Since the recent global pandemic, many organisations have discovered the benefits of working remotely.
Businesses are combining flexible, remote, and hybrid working into their everyday practices. But despite staff working outside of the 'office', you still hold a legal duty of care.
If you neglect anyone during this time, you could end up losing staff, ruining team-structures, and causing business losses.
In this guide, we'll look at what working from home is, legal rights for remote staff, and how to care for anyone working away from the office.
What is working from home?
Working from home (WFH) is when an employee completes their job requirements from their place of residence. The practice is also known as flexible or hybrid working.
Many companies have incorporated these practices to meet new socio-economic norms for new jobs. These range from adhering to government lockdowns rules to utilising new communicative technology.
Some managers allow staff to work from home for two to three days a week. Some might allow them to work away for a few weeks on end.
Do you have to accept working from home requests?
Under UK law, accepting a 'working at home' request is not a legal requirement for any business. However, employees do have a legal right to request it.
Any person who has completed 26 weeks of continuous services is allowed to forward this request. After this, it falls on you to decide whether to accept it or not.
Think about whether your company will benefit from off-location work; and be reasonable with requests for these new jobs.
However, if you decide against it, you need to provide one of the eight fair reasons for refusal. You don't want to end up losing employees, disrupting the team, or causing business losses.
What legal rights are remote staff entitled to?
A remote worker counts as a legal member of your workforce. That means, UK workers are entitled to the same rights as 'office-based' workers.
Some employment legislations which outline legal entitlements for anyone in 'work from home jobs' include:
- The Health and Safety at Work Act (1974).
- The Management of Health and Safety at Work Regulations (1999).
Alongside health & safety, you are also legally responsible for:
- Employments contracts terms.
- Data protection and GDPR.
- Employee conduct and behaviour.
- Public liability insurance.
- Wages and tax.
In simple terms, you need to ensure all their legal rights remain intact–just like their office colleagues. This also includes taking care of home working expenses when needed.
Do remote workers class as lone or vulnerable workers?
Remote workers are legally classed as vulnerable or lone workers. This is because these jobs tend to include long hours, with very little in-person contact for long periods of time. For example, working hours and conditions for lorry-drivers class them as lone workers, especially those who work on a full-time basis.
Through legal compliance and moral consideration, employers can guarantee protection, safety, and wellbeing.
What are the benefits of home working?
Whether remote roles have been purposely chosen or not, so many companies utilise the benefits of home working. The benefits that come with it include:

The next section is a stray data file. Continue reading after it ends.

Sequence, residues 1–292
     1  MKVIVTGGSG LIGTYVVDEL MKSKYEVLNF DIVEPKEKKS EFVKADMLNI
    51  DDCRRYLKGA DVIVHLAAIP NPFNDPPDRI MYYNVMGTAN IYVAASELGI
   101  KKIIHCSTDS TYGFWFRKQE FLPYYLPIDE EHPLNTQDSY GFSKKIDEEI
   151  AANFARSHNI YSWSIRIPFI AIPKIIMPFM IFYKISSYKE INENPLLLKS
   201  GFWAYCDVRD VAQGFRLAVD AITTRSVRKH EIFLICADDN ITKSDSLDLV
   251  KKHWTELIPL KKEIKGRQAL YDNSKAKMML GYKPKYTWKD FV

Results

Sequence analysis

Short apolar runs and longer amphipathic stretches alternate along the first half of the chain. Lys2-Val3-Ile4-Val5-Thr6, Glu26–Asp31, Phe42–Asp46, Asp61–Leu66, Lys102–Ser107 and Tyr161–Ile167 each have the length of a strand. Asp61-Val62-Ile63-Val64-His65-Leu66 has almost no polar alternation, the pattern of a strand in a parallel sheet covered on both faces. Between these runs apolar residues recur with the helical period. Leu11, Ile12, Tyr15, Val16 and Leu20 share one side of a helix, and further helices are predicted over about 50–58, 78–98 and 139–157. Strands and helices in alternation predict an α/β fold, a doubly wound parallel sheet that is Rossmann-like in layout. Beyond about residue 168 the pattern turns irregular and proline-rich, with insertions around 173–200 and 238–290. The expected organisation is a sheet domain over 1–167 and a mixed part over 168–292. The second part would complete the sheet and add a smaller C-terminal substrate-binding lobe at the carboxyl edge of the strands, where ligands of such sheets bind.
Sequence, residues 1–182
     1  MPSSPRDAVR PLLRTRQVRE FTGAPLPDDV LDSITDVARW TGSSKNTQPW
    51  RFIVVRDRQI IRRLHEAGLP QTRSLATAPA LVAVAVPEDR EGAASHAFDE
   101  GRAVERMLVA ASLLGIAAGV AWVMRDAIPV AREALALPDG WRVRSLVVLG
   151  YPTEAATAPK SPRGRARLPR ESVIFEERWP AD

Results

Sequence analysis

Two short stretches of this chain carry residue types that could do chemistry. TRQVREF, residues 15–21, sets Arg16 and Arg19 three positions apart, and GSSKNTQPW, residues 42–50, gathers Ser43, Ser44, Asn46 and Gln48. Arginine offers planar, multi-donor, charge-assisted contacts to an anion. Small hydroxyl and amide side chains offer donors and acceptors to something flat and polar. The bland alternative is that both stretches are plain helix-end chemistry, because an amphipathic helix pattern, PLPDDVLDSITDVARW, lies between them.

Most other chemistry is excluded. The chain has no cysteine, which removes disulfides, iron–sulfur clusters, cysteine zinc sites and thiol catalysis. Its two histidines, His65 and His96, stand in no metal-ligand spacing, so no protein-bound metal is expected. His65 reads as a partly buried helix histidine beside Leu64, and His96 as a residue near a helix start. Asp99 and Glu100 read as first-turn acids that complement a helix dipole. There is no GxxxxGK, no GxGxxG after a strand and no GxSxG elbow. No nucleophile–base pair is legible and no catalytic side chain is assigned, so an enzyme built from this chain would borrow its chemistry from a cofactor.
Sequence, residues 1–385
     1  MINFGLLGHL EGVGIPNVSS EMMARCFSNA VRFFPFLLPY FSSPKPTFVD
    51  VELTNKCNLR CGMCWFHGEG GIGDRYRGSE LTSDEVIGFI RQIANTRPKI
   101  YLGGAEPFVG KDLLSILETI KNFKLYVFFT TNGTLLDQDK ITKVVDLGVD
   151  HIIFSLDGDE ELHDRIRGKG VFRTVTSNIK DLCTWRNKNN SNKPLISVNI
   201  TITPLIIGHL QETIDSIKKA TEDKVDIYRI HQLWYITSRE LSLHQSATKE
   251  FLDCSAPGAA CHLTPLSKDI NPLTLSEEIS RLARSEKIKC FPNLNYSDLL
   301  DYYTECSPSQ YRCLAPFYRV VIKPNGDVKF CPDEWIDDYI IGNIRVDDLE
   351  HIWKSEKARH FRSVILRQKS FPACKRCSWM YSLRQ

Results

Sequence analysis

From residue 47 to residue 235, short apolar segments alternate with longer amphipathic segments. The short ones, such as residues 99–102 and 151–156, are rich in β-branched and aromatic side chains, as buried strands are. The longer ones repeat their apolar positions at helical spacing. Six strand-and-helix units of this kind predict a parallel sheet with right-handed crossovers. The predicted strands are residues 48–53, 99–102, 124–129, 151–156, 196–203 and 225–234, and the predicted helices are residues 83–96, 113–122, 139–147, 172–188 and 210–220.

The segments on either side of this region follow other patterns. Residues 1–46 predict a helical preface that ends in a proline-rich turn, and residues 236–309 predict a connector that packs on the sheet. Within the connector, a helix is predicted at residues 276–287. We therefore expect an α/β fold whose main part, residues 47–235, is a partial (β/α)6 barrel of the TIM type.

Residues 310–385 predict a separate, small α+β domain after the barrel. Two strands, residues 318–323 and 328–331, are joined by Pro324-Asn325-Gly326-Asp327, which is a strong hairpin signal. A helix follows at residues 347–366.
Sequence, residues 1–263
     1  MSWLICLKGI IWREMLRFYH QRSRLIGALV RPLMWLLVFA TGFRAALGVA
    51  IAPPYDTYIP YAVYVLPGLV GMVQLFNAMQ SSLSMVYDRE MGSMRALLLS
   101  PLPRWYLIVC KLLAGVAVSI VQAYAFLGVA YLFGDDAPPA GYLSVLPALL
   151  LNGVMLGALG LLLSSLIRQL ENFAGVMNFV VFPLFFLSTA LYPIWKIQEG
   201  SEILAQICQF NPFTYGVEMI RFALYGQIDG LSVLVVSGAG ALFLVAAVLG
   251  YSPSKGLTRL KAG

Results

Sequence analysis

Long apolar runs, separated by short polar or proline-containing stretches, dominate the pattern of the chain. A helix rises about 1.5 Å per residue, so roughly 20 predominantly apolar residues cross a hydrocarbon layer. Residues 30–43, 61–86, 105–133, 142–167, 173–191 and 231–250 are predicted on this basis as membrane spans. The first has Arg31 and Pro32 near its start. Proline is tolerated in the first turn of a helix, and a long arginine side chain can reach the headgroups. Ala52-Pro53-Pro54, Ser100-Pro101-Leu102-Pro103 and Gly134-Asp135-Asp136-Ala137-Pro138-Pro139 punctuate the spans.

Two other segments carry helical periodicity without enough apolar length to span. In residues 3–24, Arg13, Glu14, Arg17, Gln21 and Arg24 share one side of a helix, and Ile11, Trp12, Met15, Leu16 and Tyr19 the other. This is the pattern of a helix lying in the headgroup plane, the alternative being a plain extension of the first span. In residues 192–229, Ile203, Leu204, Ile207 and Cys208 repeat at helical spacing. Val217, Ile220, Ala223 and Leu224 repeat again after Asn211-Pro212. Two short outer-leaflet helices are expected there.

Better work-life balance
The most common benefit remote staff receive during this time is a better work-life balance. It allows staff to improve the quality of their office and home life for good.
For example, they can plan their week around their families or take time to nurture physical and mental health. With a better-established work week, you are on the path to improving output for all jobs.
Those who work remotely saw a vastly higher level of productivity, compared to work completed in the office. These levels were clearly seen during the height of the global pandemic.
Better quality of work-life means a better day's work–and it's this that instantly boosts productivity.
There are so many remote factors which help improve one's timeliness. Remote jobs can improve things like daily commute, lateness, and lengthy meetings.
Being able to start a workday that's free from stress or commutes can instantly better one's health and wellbeing.
Reduced absenteeism and turnover
Remote roles provide comfort and ease for staff, especially during times of unpredictable change. Because of this, businesses saw a huge reduction in absenteeism and turnover. When workers are happy, they'll be less likely to leave their position or change their career.
Costs of financial savings
It was soon discovered that working from home can lead to saving extra costs. This is in comparison to those working full-time at the office.
Companies saved money on office maintenance, utilities, and rent. They also saved on things like employee supplies, which is often a small spend that adds up unexpectedly.
Staff on the other hand saved money on paying for things like travel, food, and other payments spent during work.
Improved workplace technology
Many employers adopted the use of new virtual technologies ever since the pandemic. They utilised technological apps and tools which allowed them to improve normal office practices–speeding up production and revenue.
In the end, most people became accustomed to these new job practices. Like taking video phone calls, using online management apps, and understanding computer-security.
What are the downfalls of home working?
Home working can have a negative contributing factor to some people. Whether someone partially works remotely or full-time, it can have impacts to one's overall health. Some of the biggest impacts of remote work include:
Loneliness and isolation
When staff are away from their normal jobs or workplace environment, it can breed feelings of loneliness and isolation.
If staff are separated from their normal working conditions (like interaction with colleagues or commuting to the office), it can affect one's mental health.
Neglecting the means to stay connected then leads to higher stress and disengagement levels–affecting emotional wellbeing.
Stress and burnout
It's very common for home-based staff to easily let working standards and rules slip. And the line between working and personal life is frequently blurred.
Missing breaks, working overtime, and staying 'logged-in' are all common triggers for stress and burnout. It is argued that remote workers feel they need to outperform or work harder to make themselves seen.
This caused a negative effect on establishing a healthy work-life balance. By letting these habits manifest, it can create long-lasting impacts on their mental wellbeing and career progression.